The Pentagon plans to buy 2,443 of the warplanes in the coming decades, although many analysts believe U.S. budget constraints and deficits will reduce that number.
Australia, a close American ally, is considering doubling its fleet of 24 Boeing Co (BA.N) F/A-18 Super Hornets amid delays and setbacks in the F-35 project. That means Canberra could buy far fewer F-35s than initially planned.
Bogdan was also critical of what he suggested were leaks from Pratt & Whitney’s camp about the engine issue, which led the Pentagon to suspend F-35 flights last Friday.
Two sources told Reuters that Pratt & Whitney is 99 percent sure the fan blade problem that grounded the jets was not caused by high-cycle fatigue, which could force a costly design change, and the aircraft could be flying again within the week.
“Until all those tests are done and I see the results, I don’t know what’s going on,” Bogdan said. “However ... my gut would tell me it’s on the spectrum of the minor side - 99 percent is bold, flying next week is bold.”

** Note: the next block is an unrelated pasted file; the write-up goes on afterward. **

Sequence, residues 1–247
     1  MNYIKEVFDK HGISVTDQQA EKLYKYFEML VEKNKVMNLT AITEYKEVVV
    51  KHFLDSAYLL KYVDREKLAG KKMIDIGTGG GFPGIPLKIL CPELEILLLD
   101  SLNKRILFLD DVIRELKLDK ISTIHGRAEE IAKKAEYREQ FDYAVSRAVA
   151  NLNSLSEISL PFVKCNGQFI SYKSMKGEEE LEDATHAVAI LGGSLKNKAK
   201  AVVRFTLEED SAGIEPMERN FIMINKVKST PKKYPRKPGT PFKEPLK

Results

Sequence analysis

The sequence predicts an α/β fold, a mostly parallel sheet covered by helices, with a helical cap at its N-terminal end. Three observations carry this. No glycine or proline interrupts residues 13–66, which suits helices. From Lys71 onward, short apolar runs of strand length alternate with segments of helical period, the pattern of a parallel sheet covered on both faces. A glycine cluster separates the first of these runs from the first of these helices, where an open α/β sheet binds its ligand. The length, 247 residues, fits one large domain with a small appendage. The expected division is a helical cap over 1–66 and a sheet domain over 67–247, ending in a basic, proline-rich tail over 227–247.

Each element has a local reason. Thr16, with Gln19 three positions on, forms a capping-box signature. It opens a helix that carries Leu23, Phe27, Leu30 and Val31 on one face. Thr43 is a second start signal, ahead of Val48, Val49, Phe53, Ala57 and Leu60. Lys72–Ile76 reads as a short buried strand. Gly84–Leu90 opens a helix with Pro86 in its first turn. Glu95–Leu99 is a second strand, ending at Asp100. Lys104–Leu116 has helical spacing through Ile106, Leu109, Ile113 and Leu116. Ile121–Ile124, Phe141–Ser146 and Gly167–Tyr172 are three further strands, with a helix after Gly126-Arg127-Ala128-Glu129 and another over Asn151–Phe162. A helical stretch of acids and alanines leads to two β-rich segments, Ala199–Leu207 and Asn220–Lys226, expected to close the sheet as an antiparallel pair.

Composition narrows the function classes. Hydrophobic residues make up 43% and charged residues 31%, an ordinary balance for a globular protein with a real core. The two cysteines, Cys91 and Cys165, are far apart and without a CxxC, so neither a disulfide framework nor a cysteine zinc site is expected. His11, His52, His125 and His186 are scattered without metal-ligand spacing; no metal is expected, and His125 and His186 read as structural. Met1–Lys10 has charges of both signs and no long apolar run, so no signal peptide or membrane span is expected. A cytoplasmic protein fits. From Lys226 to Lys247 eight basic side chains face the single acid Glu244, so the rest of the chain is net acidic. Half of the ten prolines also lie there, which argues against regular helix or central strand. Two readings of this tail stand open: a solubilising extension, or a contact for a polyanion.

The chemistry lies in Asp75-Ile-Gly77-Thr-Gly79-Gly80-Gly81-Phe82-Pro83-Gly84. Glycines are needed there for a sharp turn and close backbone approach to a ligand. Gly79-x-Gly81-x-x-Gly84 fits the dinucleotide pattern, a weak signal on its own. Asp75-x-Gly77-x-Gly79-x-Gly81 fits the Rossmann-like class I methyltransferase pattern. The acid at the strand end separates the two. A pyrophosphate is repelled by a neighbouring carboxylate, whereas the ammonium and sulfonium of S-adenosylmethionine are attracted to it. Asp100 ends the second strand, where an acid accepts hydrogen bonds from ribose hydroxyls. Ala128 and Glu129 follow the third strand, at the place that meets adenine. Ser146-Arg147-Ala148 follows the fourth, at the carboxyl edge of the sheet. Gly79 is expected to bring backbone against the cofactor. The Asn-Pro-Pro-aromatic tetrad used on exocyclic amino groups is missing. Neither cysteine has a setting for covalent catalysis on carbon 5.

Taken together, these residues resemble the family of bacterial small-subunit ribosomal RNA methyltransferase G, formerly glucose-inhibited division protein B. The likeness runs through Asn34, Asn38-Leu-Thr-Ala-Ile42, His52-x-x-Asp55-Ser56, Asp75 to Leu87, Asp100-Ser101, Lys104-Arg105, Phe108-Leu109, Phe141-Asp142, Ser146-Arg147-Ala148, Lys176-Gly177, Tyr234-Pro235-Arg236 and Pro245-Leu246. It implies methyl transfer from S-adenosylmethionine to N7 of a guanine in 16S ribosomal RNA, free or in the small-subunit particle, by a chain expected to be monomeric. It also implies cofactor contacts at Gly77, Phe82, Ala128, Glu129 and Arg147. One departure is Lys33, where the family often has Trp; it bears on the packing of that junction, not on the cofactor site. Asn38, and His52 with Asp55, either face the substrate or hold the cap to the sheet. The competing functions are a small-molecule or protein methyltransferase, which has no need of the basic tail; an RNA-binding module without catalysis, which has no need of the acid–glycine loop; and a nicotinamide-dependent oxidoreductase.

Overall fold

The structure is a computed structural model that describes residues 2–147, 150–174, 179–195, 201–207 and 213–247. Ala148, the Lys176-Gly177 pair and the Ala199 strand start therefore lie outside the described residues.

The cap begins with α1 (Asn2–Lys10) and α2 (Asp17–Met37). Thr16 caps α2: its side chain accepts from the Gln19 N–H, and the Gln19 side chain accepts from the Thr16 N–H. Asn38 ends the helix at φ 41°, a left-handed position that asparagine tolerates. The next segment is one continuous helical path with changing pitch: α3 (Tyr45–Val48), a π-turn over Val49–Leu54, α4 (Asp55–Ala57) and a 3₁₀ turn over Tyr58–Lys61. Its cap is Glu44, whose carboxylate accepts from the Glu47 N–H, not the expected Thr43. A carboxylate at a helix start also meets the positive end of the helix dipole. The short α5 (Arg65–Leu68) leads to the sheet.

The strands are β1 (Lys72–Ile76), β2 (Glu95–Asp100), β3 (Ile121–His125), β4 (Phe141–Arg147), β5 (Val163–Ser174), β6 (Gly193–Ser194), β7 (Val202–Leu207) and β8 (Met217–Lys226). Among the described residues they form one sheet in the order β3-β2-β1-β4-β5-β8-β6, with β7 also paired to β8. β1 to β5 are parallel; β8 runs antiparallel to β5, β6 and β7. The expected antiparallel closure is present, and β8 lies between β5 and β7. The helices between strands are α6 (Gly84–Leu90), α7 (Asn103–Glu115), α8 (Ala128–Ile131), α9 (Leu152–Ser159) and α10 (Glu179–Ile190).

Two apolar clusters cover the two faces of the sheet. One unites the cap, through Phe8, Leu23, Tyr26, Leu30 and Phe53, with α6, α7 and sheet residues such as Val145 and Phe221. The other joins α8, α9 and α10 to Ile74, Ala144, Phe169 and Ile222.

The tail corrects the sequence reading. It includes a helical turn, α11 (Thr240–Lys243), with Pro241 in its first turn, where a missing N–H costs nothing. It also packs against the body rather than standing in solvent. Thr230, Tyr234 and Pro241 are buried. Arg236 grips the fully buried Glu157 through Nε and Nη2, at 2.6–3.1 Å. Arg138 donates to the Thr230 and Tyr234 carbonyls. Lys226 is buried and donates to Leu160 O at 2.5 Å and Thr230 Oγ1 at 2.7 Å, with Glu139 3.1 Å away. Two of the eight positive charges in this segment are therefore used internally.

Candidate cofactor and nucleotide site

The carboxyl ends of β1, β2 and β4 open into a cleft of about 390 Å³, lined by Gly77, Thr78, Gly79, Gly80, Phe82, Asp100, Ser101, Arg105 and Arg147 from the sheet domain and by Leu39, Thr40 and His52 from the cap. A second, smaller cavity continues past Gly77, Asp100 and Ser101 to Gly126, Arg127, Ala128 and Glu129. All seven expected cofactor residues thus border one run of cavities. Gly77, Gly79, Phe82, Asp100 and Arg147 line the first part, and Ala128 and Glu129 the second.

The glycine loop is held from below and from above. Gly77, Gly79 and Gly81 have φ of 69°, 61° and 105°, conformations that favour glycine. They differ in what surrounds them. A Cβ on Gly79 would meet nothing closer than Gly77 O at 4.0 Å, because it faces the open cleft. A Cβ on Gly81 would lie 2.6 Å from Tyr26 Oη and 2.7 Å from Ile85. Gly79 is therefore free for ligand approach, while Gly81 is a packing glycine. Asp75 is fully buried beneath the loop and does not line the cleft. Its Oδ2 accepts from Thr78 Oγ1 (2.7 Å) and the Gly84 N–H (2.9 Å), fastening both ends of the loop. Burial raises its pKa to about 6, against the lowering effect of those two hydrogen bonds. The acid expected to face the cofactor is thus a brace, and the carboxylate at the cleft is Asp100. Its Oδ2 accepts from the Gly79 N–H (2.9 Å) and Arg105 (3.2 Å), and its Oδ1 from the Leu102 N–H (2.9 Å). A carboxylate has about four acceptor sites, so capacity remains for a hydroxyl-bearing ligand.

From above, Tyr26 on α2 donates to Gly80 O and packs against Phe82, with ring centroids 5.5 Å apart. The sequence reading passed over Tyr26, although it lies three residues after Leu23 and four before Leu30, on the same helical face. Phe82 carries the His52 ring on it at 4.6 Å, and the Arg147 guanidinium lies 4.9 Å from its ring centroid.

Bogdan also gave the example of taking six months to close a deal with Pratt & Whitney for engines on its fifth bloc of jets, shortly after General Electric Co (GE.N) had been dropped as a second supplier of engines for the program, leaving Pratt & Whitney as sole supplier for the next 40 years.
“Now, you would think a company like Pratt & Whitney that was just given the greatest Christmas gift you could ever, ever get for a company would act a little differently,” Bogdan said.